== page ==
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Massive census to record Amur tiger numbers takes place in the Far East

By Olga Gertcyk
03 April 2015

Trackers mark footprints with GPS technology as 2,000 people scour the forests in first count of rare big cat in 10 years.

The census has come at a particularly important time, following one of the worst winters in the region for decades. Picture: Yodnews

A large-scale census has taken place to estimate how many tigers are living in the Far East.

It is the first time in 10 years that such research has been carried out, and was organised by animal charity WWF, the Ministry of Natural Resources and the Amur Tiger organisation.

Searching for footprints in the snow, a team of about 2,000 people walked a total of 15,000km and covered a massive 150,000 sq km area.

Hi-tech GPS equipment was used to mark the exact spot where the tiger was found, and measurements were taken of the imprint to work out its size, whether it was male or female, and in which direction it was travelling.

The census has come at a particularly important time, following one of the worst winters in the region for decades. Two months-worth of snow fell during the month of December alone, leaving depths of up to one metre in places, a critical level for many animals.

Conservationists were concerned about the rare Amur tiger, which had been badly affected in similar weather conditions in the 1980s with 30 of them dying.

Tiger census


Tiger census


Tiger census


Tiger census

Measurements were taken of the imprint to work out its size, whether it was male or female, and in which direction it was travelling. Pictures: Yuri Smityuk / WWF Russia

More commonly known as the Siberian tiger, the Amur tiger is listed as an endangered species, with less than 450 of them left in the region. Five years ago Russia launched a national strategy to protect the animal, which is the largest of the five tiger species.

The census started on January 31 with the reporting team walking through deep snow amid temperatures of -30C.

The snowfall was vital and numerators have to wait at least five days after the last covering to start their work. It is also crucial that it does not snow again in the three days after the survey has started otherwise the team would have to check all footprints again.

Those counting the numbers of tigers do not go armed and they tend to walk routes along rivers where the big cats like to rest. At times the team requires special ski shoes to walk.

Any time a footprint is spotted it is marked via GPS navigator, then measured. Less than 8cm in size it belongs to a cub, up to 10cm and it has been made by a female, and if it is over 10cm it is from a male tiger.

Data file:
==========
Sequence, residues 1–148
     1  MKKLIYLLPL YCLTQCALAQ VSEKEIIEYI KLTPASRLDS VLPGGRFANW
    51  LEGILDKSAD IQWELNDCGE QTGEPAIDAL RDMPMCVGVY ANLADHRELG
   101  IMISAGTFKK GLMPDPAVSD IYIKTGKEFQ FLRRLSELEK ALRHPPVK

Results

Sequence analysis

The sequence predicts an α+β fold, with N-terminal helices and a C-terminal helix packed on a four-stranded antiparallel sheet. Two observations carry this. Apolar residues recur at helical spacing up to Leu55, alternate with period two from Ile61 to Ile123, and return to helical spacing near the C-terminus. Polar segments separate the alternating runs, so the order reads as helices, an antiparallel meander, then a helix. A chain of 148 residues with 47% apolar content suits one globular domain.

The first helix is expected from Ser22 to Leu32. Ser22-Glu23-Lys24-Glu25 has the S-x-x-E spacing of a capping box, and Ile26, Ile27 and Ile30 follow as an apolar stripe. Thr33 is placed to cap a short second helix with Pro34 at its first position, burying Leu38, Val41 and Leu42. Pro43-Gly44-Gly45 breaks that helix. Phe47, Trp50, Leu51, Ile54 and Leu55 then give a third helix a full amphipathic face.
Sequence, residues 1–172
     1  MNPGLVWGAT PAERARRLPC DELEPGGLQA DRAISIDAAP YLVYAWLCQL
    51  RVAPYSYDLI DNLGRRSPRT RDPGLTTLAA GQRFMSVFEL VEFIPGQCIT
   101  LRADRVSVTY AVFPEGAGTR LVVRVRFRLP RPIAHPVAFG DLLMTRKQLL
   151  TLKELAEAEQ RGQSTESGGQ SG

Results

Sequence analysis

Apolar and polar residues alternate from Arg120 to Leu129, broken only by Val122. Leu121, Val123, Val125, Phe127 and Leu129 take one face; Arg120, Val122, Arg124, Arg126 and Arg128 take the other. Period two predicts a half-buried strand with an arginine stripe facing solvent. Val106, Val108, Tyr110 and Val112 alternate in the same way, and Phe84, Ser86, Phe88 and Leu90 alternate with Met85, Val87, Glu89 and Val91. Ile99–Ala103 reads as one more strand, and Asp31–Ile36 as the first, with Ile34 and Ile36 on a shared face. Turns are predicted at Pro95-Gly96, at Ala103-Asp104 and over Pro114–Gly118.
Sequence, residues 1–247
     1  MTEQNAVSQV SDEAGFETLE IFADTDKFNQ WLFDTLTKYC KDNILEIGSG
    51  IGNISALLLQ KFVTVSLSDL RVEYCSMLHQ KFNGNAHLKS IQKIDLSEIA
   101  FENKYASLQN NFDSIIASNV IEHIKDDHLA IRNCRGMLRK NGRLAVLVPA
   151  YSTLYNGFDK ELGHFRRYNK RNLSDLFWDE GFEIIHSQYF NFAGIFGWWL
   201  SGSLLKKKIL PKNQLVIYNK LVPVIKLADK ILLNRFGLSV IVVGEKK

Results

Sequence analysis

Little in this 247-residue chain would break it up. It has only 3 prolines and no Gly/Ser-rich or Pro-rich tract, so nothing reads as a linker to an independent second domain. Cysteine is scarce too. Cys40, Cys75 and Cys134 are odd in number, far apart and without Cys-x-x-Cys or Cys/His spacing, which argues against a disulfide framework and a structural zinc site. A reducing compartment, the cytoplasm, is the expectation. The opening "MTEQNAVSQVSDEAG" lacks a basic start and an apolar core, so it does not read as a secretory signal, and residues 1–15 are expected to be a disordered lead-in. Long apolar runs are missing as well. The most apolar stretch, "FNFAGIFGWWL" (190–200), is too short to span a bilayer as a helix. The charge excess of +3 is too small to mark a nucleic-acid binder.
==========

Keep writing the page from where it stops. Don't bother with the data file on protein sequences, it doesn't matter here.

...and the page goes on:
The information is noted down in a diary and then later compiled into a data base. Naturally it is entirely possible that the same tiger will be counted twice and it is thought that as much as a fifth of the population has yet to be traced and recorded.

Tiger census


Tiger census


Tiger census

'It must be pleasing to see them on the TV screen but when a tiger is steps away, there is no time for sentiment.' Pictures: Yodnews

Pavel Fomenko, the Amur region coordinator for WWF, said that taking the census was an important and enjoyable experience - but stressed that it was dangerous

He said: 'It's a serious animal. It must be pleasing to see them on the TV screen but when a tiger is steps away, there is no time for sentiment. We encourage hunters to join us. They already have the skills necessary for our job. A hunter is a pathfinder. It's a separate science you need to study.

'A tiger is a very smart animal: they feel and understand everything. If a tiger wants to eat you, he'll do so. They don't forgive mistakes.'

Among the tigers living in the Far East are three released by President Vladimir Putin in May last year.

Satellite signals beamed to Moscow from collar trackers has been showing the movements of Kuzya, Borya and Ilona and where they have preferred to spend their time.

Putin, an avid campaigner to save the species, was also recently behind the unveiling of a computer animated tiger cub as a new character on Russia’s longest-running children's TV show.

Information from the survey will be released by May, and the government and associated agencies will give recommendations on how to support the tiger population.

Comments (2)

STOP ANIMAL CRUELTY.
Sandra Beatríz del Cerro, Argentina
11/04/2015 03:12
1
0
These Sibérian Tigers are very splendorous with their thick winter fur (good pictures!)! Thank reporting team very much for this work not very easy but indispensable to protect these animals.Thank for the hunter to support them, wild animals are flag for Siberian.
Jocelyne, FRANCE
05/04/2015 22:09
11
0
1

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